But I'm no expert at guessing dates based on notching styles. From the books I've read, these styles relate to different periods in different areas. They are more of a cultural indicator; styles picked up from the various places people came from during settlement. But from what I've seen, they can be used to estimate dates in particular regions, if you know a bit of the history of the area. Here in southern West Virginia it seems the notching styles moved through time from steeple to half dovetail to full dovetail. But I've read books on notching styles where the progression of style was quite different. It will be interesting to see if my observations of notching style and periods of construction are consistent throughout southeastern West Virginia or where they might differ. I guess that's the geographer in me...
As you can see in the pictures, one side of the house is clapboard, so we were only able to collect cores from the north, south, and east walls. Additionally, the north wall had been partially covered with siding. There were few exposed beams in the interior of the house, and the floor upstairs was not exactly safe to walk around on. So we were very limited in what we could sample.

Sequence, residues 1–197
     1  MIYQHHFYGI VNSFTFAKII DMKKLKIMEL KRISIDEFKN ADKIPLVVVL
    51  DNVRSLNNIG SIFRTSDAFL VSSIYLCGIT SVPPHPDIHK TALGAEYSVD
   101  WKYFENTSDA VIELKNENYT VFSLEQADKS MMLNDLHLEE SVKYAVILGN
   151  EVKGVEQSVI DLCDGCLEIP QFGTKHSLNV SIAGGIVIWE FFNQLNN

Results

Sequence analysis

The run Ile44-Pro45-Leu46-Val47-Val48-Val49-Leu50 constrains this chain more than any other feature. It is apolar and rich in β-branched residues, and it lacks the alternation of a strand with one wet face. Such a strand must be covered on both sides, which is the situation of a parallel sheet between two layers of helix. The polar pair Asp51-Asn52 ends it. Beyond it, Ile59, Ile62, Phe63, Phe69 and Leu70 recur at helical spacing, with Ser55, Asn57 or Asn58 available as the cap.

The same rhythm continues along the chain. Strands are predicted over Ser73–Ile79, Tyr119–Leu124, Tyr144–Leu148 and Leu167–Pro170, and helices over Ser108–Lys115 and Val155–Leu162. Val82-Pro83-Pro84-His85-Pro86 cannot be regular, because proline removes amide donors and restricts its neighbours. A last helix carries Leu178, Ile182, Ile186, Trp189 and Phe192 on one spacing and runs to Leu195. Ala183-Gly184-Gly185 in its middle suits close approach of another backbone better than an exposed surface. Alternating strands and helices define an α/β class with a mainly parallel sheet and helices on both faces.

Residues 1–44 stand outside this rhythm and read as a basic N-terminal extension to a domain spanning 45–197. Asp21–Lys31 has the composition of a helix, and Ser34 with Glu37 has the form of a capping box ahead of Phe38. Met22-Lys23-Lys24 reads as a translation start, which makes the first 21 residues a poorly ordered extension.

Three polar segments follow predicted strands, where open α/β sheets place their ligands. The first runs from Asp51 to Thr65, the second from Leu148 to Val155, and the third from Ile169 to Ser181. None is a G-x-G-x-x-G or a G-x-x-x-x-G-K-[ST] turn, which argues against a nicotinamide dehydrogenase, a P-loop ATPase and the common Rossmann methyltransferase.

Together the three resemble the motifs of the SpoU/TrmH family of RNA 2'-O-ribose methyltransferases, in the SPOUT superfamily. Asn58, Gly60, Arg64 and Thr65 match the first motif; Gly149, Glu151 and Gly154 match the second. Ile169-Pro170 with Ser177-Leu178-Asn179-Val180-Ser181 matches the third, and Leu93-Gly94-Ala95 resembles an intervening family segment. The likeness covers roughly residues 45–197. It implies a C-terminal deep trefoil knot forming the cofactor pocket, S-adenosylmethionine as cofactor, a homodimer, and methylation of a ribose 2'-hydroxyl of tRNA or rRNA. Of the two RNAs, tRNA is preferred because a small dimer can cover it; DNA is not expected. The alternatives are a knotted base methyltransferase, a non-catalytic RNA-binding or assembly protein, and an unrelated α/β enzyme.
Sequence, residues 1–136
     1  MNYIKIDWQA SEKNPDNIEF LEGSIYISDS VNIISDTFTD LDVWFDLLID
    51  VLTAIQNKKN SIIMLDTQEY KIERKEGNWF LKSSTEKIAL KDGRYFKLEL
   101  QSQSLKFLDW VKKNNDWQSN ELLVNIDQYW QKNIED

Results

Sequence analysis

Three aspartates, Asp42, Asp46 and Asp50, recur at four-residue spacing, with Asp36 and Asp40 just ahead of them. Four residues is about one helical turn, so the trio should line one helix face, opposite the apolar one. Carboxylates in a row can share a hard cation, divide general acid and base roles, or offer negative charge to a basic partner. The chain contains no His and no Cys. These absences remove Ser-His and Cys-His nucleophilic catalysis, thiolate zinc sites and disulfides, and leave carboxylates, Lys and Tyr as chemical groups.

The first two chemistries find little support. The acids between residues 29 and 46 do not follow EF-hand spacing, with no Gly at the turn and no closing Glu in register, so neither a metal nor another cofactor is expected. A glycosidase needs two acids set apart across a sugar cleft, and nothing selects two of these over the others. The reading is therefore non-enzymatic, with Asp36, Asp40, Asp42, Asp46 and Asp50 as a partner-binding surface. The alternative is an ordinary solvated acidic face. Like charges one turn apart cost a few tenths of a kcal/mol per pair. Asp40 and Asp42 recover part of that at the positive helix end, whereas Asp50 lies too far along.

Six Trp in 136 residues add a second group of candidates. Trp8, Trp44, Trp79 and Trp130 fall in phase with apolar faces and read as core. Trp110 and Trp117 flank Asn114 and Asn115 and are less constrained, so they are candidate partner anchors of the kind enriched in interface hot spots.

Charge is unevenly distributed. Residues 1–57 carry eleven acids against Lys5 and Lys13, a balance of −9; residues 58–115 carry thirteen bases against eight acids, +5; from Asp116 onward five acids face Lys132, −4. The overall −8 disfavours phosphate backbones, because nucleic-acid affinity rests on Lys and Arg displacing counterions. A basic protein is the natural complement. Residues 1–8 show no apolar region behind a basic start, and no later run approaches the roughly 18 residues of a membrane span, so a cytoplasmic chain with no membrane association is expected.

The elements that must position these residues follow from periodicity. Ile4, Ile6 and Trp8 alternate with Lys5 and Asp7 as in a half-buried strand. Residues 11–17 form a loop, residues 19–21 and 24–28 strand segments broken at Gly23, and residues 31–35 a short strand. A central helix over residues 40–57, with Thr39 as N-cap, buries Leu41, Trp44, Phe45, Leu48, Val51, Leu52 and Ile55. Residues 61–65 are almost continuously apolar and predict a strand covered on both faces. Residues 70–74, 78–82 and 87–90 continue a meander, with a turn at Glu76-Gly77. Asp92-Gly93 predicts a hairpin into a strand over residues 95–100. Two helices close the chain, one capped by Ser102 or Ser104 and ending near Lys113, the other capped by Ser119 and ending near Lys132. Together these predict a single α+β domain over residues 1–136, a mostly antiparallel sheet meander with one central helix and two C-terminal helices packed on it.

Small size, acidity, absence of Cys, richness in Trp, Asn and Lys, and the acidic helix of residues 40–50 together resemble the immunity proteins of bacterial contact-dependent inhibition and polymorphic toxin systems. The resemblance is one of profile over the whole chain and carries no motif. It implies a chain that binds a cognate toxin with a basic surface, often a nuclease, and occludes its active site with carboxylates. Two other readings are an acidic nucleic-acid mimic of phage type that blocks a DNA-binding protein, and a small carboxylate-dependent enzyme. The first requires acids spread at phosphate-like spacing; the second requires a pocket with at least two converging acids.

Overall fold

I started by giving Dave a quick tutorial on how to collect cores from logs, which is very different from coring living trees. Then we got to work.
Well, first he had to goof off a bit...
After a good chase around the property with a drill (not safe, please don't do this with your dogs), Dave was ready to work.
We were able to core a few logs that still had bark attached, but mostly we were hunting for logs that still had an outer surface. These logs were in relatively good shape, which is pretty amazing considering that they are very exposed and we believe they are poplar based on the one sample Shawn and I collected over the summer.
Dave figured out the coring technique very quickly, and collected some really nice samples. I like to think it's because I am a good teacher, but he'd probably say he's just a natural...a renaissance man...blah blah blah.
It's always a great feeling when you get your first solid core...